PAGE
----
Measuring Global Educational Progress
David E. Bloom
A report of the Project on Universal Basic and Secondary Education
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Education is one of the largest and most important investments made by governments and people. Understanding whether this investment leads to the desired ends is crucial to effective government policy and private decision-making. What is known, statistically, about the current state of education across the world? What are the sources and quality of basic statistical data?
As a part of the project on Universal Basic and Secondary Education, David E. Bloom (Harvard University) considered the global data on education, both what are available and what they demonstrate. Measuring Global Educational Progress reviews past and current efforts to collect and analyze data, pointing to the places where improved data could lead to more informed policy-making.
Bloom also presents some overarching facts and trends in educational progress based on his review of the available data. These include estimates of the number of primary- and secondary-age children that remain out of school, as well as the differences in both quantity and quality of education between developed and developing countries. The data confirm that although progress has undoubtedly been made, tremendous work remains, especially in South Asia and Sub-Saharan Africa.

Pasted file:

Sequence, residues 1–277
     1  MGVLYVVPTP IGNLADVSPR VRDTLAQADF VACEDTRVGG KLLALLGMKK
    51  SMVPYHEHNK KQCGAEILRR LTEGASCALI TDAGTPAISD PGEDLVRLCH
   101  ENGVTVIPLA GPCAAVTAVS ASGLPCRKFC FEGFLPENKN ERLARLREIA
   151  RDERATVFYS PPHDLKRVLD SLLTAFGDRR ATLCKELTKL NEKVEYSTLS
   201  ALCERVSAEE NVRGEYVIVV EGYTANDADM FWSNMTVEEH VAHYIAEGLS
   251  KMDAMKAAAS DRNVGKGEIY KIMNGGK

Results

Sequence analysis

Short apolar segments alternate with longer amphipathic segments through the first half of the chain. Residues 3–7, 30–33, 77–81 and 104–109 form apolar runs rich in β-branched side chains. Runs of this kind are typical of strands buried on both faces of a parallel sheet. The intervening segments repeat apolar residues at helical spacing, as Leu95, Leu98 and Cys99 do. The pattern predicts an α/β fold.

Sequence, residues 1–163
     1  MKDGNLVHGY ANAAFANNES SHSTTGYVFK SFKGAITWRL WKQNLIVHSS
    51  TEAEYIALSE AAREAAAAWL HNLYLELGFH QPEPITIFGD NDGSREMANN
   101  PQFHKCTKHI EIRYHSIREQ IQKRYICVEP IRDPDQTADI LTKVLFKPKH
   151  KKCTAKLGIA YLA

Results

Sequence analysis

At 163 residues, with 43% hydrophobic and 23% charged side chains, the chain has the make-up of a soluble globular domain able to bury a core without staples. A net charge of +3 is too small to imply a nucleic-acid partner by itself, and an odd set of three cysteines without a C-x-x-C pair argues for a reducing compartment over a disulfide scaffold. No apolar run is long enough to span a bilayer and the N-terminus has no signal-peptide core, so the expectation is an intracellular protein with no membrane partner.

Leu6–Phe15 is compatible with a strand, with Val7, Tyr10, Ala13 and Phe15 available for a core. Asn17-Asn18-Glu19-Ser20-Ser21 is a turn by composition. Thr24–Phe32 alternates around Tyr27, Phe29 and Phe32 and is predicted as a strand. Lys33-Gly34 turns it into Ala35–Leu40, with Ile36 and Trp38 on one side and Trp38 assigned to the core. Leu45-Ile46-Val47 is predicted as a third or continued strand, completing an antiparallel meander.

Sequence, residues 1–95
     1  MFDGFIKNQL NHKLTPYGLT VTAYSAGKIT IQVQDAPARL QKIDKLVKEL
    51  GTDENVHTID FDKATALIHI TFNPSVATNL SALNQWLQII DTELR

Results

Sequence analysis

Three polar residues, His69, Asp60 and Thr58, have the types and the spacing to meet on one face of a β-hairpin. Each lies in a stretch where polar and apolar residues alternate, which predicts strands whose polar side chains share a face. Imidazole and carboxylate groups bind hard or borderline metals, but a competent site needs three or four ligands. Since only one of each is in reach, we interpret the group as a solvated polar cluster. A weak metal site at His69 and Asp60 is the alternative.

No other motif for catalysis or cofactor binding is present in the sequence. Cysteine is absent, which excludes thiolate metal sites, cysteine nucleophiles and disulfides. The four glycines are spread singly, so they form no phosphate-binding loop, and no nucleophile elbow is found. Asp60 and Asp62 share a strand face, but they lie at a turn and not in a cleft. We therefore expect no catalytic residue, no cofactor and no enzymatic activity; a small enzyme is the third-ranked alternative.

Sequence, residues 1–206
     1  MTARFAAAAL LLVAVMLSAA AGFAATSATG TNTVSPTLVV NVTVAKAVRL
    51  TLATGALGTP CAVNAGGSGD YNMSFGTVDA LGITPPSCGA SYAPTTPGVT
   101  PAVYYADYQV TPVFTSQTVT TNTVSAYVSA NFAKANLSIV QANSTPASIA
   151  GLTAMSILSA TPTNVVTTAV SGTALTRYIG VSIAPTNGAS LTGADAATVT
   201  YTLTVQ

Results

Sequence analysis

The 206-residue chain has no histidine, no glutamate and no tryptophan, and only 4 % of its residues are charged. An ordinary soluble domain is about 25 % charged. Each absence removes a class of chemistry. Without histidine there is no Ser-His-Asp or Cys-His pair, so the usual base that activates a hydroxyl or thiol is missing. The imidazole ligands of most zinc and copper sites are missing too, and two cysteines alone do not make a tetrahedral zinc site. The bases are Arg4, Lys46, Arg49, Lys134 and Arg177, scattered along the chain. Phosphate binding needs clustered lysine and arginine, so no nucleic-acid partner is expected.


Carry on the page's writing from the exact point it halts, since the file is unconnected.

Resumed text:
Evidence-based policymaking holds great promise, but that promise can only be realized when relevant and accurate data are available. Measuring Global Education Progress is a broad and thorough survey of what is known, can what can and should be known, about the world’s investment in education.
David E. Bloom is Clarence James Gamble Professor of Economics and Demography and chairman of the Department of Population and International Health at the Harvard School of Public Health. His recent work has focused on primary, secondary, and higher education in developing countries and on the links among population health, demographic change, and economic growth. He has been on the faculty of the public policy school at Carnegie Mellon University and the economics departments of Harvard University and Columbia University. He is a fellow of the American Academy of Arts and Sciences, where he co-directs the project on Universal Basic and Secondary Education. He is a faculty research associate of the National Bureau of Economic Research. He received a B.Sc. in industrial and labor relations from Cornell University in 1976, an M.A. in economics from Princeton University in 1978, and a Ph.D. in economics and demography from Princeton University in 1981.